Since the development of the Nelson Airport in 1940, there has been some friction with the Nelson Golf Club. As a major neighbour of the golf course they share boundaries. One of the biggest problems that have arisen between the two is the trees that were on the boundary of the course. These trees had been there since the early days of the course and had been used as obstacles to make the course more challenging. Unfortunately, the airport requested that the trees be trimmed every second year as they required a safe air spot for landing. The Golf Club obeyed their request, but as time went on the trees became misshapen, rotten and were financially costing the club a lot of money. It is because of this that the course decided to convert back to a true links course (no trees) which has also been expensive and time-consuming. Another problem that has troubled the Golf Club is the possibility of the Airport expansion. Under the Public Works Act the Airport can take land from the golf course, if they compensate the club with land from somewhere else. The Council Reserve on the coastal strip could be available for the Golf Course if the Airport ever wished to expand. Although this sounds straight forward, it would require four new holes to be developed and a brand new clubhouse to be built. Fortunately for the Golf Club the Airport board has declared that there will be no need for expansion in the near future, so the Golf Club can continue on as normal for the time being.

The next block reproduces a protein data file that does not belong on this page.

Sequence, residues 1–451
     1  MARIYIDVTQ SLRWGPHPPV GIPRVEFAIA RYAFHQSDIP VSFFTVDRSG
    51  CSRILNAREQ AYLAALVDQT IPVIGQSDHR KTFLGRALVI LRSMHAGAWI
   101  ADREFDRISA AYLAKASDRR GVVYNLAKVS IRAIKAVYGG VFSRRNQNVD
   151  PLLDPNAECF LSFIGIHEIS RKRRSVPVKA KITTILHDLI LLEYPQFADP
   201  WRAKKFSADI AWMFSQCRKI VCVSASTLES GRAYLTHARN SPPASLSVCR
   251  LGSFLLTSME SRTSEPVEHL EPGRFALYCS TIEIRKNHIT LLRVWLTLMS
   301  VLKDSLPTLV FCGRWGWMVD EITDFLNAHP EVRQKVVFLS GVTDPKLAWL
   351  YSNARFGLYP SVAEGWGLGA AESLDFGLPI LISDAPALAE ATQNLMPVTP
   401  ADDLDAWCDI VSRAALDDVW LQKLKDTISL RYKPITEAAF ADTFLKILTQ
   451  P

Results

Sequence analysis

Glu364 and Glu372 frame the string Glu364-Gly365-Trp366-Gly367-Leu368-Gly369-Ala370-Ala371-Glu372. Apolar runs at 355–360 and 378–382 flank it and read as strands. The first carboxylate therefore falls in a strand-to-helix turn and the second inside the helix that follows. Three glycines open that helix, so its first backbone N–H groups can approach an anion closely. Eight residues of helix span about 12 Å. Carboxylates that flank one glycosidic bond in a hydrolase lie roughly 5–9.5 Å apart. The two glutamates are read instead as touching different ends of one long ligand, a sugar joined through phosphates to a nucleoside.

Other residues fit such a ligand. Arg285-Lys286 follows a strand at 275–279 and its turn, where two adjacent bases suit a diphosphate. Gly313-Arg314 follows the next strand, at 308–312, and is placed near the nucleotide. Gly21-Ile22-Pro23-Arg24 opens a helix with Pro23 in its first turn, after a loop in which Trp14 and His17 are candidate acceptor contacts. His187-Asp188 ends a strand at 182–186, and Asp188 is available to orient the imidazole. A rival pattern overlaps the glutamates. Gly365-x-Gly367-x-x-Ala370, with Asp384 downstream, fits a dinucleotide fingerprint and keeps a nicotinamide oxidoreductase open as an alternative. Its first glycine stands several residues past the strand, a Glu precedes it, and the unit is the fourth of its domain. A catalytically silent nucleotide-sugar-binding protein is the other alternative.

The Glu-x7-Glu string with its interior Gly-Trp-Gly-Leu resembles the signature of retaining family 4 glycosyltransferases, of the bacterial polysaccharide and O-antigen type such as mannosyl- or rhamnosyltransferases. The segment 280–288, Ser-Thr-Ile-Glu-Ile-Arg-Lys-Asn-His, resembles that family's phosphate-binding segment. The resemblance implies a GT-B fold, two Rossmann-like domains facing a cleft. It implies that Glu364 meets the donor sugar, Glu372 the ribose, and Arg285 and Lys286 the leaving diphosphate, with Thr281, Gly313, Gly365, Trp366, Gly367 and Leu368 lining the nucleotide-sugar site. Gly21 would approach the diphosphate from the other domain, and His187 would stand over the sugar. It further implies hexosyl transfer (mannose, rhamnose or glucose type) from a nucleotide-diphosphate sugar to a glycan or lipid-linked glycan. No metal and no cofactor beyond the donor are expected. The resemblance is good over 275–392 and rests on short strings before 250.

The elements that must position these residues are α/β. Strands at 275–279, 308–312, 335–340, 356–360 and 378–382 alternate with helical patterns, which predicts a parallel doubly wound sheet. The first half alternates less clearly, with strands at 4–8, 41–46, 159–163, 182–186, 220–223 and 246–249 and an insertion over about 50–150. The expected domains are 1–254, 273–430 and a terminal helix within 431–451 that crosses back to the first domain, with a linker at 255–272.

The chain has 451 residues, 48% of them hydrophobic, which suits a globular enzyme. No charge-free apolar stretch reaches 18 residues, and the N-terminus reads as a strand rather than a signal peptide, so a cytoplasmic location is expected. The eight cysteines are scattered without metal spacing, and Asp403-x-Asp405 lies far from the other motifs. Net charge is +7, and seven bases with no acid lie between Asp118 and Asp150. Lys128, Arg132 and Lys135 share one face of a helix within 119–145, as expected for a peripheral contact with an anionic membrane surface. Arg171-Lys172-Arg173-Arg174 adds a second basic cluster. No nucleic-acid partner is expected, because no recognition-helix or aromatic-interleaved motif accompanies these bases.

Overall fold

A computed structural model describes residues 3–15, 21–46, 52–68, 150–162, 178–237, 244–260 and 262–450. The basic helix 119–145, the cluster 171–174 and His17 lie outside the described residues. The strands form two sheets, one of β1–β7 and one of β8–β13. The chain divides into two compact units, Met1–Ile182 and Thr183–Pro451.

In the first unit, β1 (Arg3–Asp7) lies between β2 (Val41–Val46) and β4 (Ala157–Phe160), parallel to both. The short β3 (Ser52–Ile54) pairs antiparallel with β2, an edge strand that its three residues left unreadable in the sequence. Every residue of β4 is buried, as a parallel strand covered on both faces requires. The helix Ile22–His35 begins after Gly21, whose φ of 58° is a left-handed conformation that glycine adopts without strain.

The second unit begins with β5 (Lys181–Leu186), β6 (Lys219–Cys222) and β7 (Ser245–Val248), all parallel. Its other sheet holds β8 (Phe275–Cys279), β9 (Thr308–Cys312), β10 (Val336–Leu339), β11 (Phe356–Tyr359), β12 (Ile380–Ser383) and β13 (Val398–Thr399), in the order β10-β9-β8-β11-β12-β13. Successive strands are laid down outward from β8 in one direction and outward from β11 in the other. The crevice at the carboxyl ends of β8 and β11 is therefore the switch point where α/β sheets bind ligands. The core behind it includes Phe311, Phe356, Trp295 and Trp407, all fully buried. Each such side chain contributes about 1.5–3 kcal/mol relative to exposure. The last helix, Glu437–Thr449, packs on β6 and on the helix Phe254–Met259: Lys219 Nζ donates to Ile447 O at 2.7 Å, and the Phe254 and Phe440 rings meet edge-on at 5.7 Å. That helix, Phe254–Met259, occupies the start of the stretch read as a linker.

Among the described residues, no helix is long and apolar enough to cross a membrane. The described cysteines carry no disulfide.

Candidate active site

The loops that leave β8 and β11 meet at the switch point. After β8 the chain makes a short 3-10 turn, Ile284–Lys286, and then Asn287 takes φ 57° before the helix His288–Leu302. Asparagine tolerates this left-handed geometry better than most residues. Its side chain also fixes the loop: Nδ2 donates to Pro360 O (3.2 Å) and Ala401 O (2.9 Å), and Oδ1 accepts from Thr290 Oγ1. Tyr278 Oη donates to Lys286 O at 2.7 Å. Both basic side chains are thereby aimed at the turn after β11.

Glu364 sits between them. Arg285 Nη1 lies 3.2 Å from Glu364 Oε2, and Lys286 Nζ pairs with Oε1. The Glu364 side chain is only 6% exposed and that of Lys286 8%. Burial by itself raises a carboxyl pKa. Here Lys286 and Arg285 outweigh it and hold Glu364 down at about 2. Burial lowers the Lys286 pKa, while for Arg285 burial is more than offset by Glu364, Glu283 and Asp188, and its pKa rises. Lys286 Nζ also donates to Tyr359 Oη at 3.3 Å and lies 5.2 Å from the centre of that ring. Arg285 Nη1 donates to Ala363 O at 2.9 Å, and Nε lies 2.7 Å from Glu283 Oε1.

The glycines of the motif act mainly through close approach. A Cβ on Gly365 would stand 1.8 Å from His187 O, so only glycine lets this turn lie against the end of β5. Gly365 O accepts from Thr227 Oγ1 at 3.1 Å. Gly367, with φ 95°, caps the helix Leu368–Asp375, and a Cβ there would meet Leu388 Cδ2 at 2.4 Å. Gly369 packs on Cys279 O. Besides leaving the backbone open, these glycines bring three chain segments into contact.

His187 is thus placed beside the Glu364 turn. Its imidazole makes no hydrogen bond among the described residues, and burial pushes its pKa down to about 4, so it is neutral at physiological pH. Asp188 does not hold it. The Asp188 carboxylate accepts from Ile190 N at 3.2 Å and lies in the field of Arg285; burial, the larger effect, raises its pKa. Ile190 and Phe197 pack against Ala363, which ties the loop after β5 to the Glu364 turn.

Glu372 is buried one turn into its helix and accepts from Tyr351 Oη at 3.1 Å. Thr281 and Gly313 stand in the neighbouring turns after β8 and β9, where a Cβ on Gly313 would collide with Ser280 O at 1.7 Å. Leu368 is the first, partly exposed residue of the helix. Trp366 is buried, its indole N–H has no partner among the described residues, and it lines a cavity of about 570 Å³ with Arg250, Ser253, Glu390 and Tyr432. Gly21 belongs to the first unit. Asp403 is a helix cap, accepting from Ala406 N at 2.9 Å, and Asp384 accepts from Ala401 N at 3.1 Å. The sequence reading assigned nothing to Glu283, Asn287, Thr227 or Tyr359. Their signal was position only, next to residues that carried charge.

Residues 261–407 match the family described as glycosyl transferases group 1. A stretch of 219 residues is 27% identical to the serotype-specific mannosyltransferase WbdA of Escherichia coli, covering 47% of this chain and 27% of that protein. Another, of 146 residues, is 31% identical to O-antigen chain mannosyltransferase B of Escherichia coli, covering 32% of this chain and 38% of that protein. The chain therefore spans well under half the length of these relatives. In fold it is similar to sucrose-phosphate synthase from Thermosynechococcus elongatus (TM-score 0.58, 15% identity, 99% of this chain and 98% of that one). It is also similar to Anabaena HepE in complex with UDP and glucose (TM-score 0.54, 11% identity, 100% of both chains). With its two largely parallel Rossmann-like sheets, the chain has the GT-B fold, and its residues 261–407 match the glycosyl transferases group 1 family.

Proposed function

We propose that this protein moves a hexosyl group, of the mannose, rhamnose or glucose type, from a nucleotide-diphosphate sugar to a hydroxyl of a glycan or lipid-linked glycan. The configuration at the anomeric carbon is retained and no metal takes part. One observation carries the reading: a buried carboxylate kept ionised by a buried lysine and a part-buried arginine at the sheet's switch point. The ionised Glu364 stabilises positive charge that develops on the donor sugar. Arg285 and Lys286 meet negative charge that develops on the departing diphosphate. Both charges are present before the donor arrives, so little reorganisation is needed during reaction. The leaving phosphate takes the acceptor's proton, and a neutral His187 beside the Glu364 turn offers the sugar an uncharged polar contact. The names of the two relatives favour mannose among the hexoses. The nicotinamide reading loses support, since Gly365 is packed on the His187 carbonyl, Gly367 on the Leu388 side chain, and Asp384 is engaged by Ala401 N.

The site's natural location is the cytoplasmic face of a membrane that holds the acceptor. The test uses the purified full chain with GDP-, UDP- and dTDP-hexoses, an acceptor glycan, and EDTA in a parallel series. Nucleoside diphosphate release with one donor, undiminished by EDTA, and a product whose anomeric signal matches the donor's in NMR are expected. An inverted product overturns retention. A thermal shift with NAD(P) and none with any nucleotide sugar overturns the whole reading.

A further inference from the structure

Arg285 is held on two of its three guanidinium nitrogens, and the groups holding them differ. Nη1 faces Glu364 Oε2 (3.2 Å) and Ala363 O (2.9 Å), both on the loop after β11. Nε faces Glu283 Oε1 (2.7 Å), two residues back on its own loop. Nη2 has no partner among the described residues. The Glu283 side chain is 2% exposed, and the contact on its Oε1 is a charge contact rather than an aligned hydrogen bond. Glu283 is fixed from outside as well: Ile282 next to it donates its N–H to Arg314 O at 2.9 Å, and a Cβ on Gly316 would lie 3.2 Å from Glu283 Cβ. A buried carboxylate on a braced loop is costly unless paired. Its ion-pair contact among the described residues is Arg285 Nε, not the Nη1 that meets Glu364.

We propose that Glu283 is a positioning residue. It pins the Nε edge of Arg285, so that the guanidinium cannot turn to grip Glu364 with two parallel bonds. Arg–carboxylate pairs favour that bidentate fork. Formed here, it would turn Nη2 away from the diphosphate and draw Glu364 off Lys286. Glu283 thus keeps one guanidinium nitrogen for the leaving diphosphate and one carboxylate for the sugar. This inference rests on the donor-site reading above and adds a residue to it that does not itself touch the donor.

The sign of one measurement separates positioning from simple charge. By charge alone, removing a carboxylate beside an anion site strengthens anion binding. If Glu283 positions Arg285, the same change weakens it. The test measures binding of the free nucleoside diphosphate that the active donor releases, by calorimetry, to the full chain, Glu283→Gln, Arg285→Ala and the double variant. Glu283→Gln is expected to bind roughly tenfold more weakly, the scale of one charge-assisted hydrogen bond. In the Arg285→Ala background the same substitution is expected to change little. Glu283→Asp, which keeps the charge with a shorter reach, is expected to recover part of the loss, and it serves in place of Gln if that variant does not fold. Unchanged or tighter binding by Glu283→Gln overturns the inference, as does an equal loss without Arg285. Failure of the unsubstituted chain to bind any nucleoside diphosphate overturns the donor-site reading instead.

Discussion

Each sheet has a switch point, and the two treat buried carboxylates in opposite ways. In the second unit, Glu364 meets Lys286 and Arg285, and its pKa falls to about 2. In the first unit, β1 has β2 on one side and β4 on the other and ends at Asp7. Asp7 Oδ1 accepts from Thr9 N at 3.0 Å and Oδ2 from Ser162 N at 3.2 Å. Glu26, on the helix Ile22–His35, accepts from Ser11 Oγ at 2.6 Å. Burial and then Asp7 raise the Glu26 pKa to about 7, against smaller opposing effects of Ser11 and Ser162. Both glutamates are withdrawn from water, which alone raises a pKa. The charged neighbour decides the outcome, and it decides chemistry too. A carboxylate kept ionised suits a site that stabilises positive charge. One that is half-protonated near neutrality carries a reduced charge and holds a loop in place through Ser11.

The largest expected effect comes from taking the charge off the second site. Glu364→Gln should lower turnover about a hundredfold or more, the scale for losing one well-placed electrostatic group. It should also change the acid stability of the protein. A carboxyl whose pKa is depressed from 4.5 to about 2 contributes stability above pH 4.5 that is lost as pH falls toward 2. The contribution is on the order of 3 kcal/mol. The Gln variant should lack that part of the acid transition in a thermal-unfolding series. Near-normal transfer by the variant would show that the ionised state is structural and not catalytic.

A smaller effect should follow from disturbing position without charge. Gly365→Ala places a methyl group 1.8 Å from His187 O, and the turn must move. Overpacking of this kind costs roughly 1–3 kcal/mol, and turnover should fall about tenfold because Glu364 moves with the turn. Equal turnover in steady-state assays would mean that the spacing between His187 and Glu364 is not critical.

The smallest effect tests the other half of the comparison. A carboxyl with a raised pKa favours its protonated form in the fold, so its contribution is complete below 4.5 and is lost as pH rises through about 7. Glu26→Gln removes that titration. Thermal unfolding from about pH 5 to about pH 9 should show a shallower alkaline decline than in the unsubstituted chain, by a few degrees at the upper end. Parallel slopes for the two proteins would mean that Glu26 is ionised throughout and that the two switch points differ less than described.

In 1939, when the Nelson Golf Club was finally becoming a stable business, World War Two broke out causing dramatic problems for the Club. Many golfing members enlisted in the Army and membership numbers declined hugely. This caused financial problems for the Club and the Nelson City Council suggested closing down the course for good. Talk of this eventually died down, but the Government soon announced that the new aerodrome and golf course would be taken over as an Air Force base. The members and staff of the Nelson Golf Club were witnesses to a Vincent Aircraft crash on April 10th 1941. The aircraft crashed on the golf course, killing two people instantly with the third dying the next day.